MALACCA: Denmark has renewed the Malacca government’s enthusiasm to revive the controversial 48.69km-long Malacca-Dumai bridge project across the Straits of Malacca.
Chief Minister Datuk Seri Idris Haron said there was a possibility the project would go ahead.
“As I have stated earlier, the ambitious project could go on as planned. I am not discounting the possibility,” he said yesterday.
On Friday, Idris met Danish ambassador Nicolai Ruge at his office in Seri Negeri where the project was discussed, besides sharing know-how on renewable energy and green technology.
Ruge, when met, said Denmark had the expertise and engineering feats to embark on such a mega project.
Danish engineers had constructed many such bridges in Denmark, he said.
“We could work on the financing aspect of the project as the bridge could impact the fiscal growth of this region,” he said.
However, Idris said the finer details of the project could only be unveiled after the viability study and engineering analysis had been completed.
Talk of the bridge construction surfaced in October last year.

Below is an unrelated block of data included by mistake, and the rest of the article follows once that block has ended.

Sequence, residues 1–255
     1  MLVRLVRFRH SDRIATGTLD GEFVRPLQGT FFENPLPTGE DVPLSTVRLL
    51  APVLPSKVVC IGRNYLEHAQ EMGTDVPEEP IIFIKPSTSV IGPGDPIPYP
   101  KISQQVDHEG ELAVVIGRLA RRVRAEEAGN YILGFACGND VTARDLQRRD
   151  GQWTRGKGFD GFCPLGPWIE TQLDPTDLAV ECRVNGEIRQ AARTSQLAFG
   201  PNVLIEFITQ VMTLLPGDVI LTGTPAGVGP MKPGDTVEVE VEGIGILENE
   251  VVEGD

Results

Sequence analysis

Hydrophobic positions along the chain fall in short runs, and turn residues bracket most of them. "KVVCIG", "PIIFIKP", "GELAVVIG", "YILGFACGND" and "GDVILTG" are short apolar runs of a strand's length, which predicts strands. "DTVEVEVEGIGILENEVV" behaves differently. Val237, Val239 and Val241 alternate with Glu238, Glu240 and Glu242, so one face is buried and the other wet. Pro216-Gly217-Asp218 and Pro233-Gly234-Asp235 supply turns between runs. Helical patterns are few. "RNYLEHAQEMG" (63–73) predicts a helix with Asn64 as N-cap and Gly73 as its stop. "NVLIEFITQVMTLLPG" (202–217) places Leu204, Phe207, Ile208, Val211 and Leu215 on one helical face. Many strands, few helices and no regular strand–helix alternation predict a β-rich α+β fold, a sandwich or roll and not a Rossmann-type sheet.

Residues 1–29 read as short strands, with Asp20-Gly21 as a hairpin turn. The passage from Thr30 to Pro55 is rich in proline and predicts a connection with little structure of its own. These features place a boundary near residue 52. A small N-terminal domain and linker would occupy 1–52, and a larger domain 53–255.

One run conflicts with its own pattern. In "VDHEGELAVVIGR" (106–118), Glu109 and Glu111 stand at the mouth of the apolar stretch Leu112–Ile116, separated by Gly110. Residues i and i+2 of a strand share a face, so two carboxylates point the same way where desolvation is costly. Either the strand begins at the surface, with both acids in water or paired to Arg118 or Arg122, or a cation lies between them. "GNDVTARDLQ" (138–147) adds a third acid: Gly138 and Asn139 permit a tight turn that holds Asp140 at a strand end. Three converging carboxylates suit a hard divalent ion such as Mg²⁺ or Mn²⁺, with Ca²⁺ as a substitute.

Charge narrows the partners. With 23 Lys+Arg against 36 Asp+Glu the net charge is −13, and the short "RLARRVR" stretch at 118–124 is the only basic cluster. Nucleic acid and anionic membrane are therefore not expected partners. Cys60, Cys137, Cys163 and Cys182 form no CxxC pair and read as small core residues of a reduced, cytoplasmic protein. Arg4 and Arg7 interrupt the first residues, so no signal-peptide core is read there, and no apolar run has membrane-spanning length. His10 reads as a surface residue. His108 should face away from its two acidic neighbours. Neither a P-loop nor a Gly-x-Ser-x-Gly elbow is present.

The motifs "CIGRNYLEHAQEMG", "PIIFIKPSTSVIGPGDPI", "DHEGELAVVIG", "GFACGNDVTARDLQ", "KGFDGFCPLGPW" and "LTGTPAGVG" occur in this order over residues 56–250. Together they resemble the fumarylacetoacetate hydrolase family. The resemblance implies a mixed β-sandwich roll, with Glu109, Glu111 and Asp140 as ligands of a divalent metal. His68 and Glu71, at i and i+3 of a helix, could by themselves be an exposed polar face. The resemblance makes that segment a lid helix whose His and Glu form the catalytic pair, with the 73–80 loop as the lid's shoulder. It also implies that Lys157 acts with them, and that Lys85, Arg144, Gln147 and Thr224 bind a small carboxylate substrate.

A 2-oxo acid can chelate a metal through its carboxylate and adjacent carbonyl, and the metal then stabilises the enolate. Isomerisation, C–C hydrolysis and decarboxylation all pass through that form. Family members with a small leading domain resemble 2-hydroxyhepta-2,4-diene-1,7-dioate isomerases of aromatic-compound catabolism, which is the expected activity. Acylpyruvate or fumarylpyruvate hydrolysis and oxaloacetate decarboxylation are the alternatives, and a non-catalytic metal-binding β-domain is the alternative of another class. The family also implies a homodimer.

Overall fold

The 48.69km-bridge is expected to link Teluk Gong in Malacca with the port of Dumai in Sumatra.
The project was discussed during the 10th Chief Ministers and Governors’ Forum of the Indonesia-Malaysia-Thailand Growth Triangle (IMT-GT) held in Thailand on Sept 12.
Insights on a feasibility study on the bridge undertaken by Strait of Malacca Partners Sdn Bhd were given during the meeting.
The company had earlier appointed the Hunan Provincial Communications Planning, Survey and Design Institute of China to prepare documents pertaining to the study.
The idea of the bridge was first mooted in 1995 to foster economic opportunities, especially in trade and tourism, between the two countries but it died down during the Asian financial crisis in 1997.
In 2006, then Chief Minister Datuk Seri Mohd Ali Rustam resumed interest in the project by saying that the groundwork for it had started and that studies showed that the bridge was technically feasible.
He also announced that the Export-Import (Exim) Bank of China had agreed to finance 85% of the link’s total cost, then estimated at RM44.3bil.